This has been one of the primary and continuous goals of AIISH clinic. The student assignments include works necessary for assessment and management in different Indian Languages known to them. We get cases of child language disorders with SLI, Autism, Aphasia, Learning Disability, besides others like Mental Retardation, cerebral Palsied, etc., (in addition to cases like Voice, Articulation and Fluency disorders) and adult disorders like Aphasia, and Dyslexia/Dysgraphia. Patients could be monolingual/bi/multilingual, literate/illiterate population. They would usually be handled using their mother tongue/most familiar or fluent language/both the languages/all the languages for assessment and therapy in that order! Accordingly the clinicians in consultation with the supervisors prepare the reports and therapy programmes/home training programmes in the given language/s.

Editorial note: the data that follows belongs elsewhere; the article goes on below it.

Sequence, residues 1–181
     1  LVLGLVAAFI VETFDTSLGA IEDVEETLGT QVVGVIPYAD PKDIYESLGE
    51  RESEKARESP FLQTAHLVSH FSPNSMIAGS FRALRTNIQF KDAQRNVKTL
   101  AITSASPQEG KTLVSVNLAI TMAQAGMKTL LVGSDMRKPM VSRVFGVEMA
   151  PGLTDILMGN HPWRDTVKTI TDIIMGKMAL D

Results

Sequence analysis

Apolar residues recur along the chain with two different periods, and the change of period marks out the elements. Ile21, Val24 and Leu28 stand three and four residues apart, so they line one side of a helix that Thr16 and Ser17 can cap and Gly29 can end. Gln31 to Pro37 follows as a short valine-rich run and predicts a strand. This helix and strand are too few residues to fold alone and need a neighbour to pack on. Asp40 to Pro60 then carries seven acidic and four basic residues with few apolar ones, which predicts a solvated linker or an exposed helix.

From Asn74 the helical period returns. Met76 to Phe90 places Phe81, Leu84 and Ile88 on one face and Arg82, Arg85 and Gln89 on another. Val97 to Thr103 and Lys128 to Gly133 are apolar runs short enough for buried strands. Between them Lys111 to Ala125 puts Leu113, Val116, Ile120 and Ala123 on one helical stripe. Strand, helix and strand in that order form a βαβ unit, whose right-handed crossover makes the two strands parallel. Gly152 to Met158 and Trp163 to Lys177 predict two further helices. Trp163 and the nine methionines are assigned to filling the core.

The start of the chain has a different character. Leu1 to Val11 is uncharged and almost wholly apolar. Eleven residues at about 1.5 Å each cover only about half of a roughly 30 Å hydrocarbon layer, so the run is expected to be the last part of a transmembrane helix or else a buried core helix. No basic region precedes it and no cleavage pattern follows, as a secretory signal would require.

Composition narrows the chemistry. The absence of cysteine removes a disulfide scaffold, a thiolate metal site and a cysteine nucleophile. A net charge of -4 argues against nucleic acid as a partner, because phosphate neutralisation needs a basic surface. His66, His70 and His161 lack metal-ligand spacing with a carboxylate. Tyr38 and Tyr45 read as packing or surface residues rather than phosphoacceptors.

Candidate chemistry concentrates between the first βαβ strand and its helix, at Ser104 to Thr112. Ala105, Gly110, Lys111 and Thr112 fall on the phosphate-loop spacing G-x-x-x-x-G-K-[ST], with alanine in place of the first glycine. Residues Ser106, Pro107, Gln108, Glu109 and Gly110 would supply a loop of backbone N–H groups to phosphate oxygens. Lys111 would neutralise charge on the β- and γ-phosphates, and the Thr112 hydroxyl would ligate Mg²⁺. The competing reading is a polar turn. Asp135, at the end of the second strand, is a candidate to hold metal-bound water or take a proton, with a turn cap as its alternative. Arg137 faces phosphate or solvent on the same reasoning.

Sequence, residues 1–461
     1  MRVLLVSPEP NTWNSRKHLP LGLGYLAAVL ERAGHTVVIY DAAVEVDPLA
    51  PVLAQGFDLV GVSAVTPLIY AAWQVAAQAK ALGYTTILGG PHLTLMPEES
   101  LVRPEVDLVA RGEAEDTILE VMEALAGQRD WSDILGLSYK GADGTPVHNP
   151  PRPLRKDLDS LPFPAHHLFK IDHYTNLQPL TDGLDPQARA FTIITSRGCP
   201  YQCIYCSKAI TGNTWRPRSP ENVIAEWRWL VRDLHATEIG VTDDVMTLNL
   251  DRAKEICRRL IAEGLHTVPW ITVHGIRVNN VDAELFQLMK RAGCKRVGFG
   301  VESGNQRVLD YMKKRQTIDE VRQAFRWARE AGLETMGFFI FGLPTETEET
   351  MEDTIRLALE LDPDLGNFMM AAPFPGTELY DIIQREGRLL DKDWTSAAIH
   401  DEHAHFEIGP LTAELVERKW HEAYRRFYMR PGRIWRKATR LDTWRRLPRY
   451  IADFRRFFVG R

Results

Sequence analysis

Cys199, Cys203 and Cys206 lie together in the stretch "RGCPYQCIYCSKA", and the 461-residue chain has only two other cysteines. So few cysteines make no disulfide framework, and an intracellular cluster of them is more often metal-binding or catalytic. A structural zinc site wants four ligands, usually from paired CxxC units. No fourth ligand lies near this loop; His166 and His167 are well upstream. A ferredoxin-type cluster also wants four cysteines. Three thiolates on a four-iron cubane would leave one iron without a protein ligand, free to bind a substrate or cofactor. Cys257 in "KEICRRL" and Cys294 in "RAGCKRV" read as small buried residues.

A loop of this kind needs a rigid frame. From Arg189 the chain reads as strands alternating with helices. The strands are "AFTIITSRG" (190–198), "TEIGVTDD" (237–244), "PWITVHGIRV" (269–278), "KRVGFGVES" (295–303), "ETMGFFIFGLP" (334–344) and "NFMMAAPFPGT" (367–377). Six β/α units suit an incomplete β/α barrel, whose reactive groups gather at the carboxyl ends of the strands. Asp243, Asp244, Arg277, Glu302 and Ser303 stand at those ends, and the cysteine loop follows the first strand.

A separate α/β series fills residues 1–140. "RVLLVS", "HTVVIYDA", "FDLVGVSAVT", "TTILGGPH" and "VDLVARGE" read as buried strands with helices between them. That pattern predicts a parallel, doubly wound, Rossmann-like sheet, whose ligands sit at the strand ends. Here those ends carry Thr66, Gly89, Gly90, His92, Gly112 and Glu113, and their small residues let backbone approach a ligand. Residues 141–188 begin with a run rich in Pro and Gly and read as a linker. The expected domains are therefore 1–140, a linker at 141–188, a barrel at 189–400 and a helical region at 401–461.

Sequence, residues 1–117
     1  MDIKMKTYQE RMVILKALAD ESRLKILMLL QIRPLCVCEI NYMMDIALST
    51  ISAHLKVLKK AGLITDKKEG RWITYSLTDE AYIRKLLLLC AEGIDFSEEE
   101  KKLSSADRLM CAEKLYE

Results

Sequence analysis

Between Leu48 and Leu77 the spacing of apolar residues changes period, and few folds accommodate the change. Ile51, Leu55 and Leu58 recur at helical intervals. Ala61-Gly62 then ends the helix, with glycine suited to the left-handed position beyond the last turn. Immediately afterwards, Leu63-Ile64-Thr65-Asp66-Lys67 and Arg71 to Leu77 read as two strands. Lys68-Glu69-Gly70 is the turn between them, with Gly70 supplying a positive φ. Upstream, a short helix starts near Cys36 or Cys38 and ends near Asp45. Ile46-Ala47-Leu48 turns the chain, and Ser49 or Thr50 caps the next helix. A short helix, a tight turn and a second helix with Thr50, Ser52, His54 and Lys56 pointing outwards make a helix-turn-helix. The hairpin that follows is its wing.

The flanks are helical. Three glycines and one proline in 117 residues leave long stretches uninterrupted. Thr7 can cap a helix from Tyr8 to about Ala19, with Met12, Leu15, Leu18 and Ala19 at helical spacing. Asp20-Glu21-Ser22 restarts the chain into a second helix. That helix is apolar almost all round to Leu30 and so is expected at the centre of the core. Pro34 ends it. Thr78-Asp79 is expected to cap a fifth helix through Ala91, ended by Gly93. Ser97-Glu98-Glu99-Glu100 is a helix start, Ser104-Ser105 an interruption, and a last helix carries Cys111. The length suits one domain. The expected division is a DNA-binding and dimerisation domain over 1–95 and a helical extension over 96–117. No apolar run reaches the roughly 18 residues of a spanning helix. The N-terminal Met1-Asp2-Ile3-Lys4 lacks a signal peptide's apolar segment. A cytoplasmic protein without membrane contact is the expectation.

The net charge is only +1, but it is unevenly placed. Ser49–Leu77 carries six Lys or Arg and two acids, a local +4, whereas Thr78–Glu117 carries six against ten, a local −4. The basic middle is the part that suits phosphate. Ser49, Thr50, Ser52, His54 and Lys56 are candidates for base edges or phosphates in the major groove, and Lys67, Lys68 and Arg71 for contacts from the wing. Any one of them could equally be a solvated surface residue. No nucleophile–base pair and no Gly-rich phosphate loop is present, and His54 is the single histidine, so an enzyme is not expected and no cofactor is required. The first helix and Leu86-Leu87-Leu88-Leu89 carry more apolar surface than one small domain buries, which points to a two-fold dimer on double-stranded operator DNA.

Several of the Masters dissertations include database from Indian languages. They include development of a test, standardization of a test, an assessment protocol, a therapy program on monolingual or a bilingual/multilingual subjects. We have had several dissertations/research projects with cross-linguistic/bi/multilingual focus such as the following:

  1. Language disorders in Indian Neurological patients; A study in neurolinguistics in the Indian context: An inter institutional departmental project by Prathibha Karanth (1988).
  2. Development of Language training materials in different Indian languages. A departmental project by Karanth (1990).
  3. Aphasia in multilingual: Clinical evidences towards several organization of languages by Rangamani (1991)
  4. Crossed Aphasia in Bilinguals By Rangamani and Karanth (1988)
  5. Code-switching in an early Bilingual by Shyamala Chengappa (1984)
  6. Simultaneous Acquisition of Two Languages by Shymala Chengappa and Thirumalai (1986)